Do you enjoy puzzles? Sure, they can take hours to complete, and there’s no set method to approach them, but isn’t it so satisfying to plunk in that last piece and admire your handiwork?
Designing a tour itinerary is a lot like completing a puzzle. It might take a little longer than you thought when you initially set out, and there’s no one way to design a tour. Many possible variations can get you to your destination and delight guests along the way.
Just for fun, imagine what would happen if you marketed a tour without a tour itinerary? It’s hard to picture guests feeling confident that they’d receive enough value without having an idea of what to expect.
Understandably, a tour itinerary acts as a trip plan for your guests planning a vacation and wanting to feel prepared. So, we’ll look at what you need to include in the different types of tour itineraries in tourism and how to display them in an easy-to-digest way for your prospective guests.
What is a tour itinerary?
A tour itinerary acts as a roadmap for your future guests. It tells them what they’ll be doing and seeing should they opt to book your tour. Plus, it outlines arrival time(s), frequency and duration for each tour.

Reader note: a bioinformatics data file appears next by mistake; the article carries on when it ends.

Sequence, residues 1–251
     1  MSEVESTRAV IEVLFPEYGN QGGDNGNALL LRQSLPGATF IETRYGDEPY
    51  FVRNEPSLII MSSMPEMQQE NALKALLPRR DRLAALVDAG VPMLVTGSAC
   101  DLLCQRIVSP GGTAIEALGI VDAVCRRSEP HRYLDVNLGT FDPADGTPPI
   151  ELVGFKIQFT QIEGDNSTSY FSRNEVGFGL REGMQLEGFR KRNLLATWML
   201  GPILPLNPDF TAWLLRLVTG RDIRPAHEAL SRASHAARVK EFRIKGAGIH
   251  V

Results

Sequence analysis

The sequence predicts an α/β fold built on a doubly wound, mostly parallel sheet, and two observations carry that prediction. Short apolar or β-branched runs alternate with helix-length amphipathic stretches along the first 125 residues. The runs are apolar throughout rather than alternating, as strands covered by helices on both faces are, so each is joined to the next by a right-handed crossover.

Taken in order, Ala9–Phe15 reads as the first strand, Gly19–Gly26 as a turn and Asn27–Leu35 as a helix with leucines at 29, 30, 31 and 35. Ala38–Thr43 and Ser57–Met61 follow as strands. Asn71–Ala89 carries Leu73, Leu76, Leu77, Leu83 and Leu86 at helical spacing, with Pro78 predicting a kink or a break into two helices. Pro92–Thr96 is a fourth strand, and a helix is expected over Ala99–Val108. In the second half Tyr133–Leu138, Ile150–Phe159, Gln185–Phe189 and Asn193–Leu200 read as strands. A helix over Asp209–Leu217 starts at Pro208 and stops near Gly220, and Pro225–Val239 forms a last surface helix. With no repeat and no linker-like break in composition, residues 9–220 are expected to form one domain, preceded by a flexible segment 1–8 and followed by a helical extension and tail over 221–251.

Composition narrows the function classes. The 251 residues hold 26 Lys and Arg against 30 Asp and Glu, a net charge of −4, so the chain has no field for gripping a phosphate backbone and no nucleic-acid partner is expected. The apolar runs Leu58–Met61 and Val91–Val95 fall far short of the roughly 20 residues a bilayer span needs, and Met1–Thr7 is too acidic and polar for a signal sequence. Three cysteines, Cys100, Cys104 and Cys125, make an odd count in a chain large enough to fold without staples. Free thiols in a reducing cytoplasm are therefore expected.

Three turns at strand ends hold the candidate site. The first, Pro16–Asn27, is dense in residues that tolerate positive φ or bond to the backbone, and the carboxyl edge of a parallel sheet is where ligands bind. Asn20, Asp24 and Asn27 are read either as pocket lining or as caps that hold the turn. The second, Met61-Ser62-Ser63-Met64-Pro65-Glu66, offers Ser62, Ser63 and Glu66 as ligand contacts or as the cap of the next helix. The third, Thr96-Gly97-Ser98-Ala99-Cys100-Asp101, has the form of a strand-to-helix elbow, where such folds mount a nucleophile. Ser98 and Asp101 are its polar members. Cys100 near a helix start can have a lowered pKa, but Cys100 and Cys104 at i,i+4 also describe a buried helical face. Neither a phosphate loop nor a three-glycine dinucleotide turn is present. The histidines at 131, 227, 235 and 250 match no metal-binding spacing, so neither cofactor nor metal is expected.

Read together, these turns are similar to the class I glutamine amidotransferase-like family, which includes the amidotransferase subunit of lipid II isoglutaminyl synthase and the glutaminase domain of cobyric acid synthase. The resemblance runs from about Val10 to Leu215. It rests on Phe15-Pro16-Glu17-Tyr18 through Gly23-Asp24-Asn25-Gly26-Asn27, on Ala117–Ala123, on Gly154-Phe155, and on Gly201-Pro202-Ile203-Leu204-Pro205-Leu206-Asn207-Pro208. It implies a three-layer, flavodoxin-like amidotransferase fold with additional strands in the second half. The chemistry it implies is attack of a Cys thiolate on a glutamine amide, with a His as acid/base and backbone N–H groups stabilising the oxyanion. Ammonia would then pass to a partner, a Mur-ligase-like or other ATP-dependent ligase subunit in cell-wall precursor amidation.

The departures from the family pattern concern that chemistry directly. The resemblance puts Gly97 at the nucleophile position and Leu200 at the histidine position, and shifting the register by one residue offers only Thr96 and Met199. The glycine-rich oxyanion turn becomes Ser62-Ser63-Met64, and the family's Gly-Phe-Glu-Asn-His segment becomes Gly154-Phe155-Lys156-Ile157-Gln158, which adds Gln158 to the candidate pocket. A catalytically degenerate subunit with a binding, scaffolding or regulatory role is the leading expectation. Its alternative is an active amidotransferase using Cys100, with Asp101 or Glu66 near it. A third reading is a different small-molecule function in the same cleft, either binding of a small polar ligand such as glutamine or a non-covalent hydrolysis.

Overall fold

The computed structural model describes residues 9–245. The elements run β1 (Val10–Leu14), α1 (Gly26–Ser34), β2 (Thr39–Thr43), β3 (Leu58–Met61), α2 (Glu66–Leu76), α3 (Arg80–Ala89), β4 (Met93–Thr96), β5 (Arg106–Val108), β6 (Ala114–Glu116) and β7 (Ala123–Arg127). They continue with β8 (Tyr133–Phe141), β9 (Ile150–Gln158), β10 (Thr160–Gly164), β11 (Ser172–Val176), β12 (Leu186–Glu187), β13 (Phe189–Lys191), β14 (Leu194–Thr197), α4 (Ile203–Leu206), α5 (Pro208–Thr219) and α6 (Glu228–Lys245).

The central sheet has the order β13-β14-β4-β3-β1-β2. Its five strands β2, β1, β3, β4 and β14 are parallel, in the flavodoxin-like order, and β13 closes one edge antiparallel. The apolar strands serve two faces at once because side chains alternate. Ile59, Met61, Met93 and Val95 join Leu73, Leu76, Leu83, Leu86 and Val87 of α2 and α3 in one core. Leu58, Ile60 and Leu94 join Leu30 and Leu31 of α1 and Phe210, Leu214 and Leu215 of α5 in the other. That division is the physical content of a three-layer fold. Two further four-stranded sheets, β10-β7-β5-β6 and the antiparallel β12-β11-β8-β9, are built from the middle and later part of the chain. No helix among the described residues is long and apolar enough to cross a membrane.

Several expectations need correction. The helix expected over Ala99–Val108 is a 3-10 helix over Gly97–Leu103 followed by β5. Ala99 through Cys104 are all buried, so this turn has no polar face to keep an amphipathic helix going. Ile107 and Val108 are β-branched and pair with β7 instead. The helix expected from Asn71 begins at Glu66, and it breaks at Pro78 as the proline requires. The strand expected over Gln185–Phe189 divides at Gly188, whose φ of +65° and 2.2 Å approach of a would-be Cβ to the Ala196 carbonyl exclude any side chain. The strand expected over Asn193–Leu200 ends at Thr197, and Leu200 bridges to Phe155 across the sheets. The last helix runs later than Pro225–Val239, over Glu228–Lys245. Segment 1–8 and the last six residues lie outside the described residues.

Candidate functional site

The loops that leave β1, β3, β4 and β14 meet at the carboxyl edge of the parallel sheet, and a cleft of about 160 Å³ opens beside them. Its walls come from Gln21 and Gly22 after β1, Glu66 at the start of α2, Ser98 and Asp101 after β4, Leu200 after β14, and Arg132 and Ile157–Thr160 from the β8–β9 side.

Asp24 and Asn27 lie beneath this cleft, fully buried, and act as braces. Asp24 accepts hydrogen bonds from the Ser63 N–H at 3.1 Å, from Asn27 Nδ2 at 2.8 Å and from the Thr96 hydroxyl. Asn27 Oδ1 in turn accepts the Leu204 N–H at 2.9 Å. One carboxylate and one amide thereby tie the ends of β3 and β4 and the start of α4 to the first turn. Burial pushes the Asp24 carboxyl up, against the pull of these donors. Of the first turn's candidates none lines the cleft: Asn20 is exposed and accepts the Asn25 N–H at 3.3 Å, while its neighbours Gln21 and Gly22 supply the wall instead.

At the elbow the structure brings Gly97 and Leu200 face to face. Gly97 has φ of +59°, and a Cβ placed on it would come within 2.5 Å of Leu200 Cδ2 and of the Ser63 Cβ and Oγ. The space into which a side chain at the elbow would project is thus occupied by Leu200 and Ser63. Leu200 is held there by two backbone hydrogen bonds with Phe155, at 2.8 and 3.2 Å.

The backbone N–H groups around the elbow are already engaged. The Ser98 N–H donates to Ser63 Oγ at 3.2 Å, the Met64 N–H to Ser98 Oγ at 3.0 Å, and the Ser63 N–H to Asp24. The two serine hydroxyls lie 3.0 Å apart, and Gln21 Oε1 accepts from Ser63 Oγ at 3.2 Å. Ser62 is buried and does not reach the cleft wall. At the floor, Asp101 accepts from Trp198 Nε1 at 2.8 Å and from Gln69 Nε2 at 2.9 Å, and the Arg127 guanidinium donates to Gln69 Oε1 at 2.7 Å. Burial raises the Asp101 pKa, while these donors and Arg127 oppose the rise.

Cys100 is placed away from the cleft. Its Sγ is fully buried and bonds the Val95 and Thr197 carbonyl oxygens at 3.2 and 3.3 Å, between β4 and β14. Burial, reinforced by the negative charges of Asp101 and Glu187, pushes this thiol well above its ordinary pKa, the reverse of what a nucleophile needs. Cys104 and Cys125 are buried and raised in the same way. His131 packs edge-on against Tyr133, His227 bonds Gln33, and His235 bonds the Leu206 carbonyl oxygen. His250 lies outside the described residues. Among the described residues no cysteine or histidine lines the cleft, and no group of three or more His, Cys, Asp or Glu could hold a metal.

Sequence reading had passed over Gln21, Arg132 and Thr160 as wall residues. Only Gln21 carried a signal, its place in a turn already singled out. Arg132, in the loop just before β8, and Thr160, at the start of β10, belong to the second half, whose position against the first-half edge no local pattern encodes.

Before you begin laying the groundwork for your tour, see what some of your competitors are offering. Grab a few brochures to explore details, highlights and overall tour structure.
For guests, part of the draw of booking with a tour operator is having a pre-planned itinerary. This means travellers can simply show up and enjoy the tour.
Picture yourself in a potential guest’s shoes. They’re looking at different tour options, trying to decide what activity and where to book. A detailed tour itinerary simplifies the booking experience for prospective visitors and can be a powerful marketing tactic in motivating these visitors to book your tour.
So, right in your tour introduction, describe the experience to travelers as if they were on the phone or standing in front of you. To sound approachable and lighthearted, try speaking your tour itinerary description aloud. There are many components you’ll need to factor into your itinerary and we’ll dive into those next.
Components of itinerary in tourism
Let’s say you’re evaluating whether to offer one type of tour or a range of options, try to imagine what guests will be curious about. It’s important to determine how much you can fit into your tour’s duration without pushing the timeframe.
Your guests are seeking experiences that will immerse them in the local culture and foods. As a tour guide, this is an amazing opportunity to showcase off-the-beaten-path locations and experiences designed to provide guests with an authentic experience.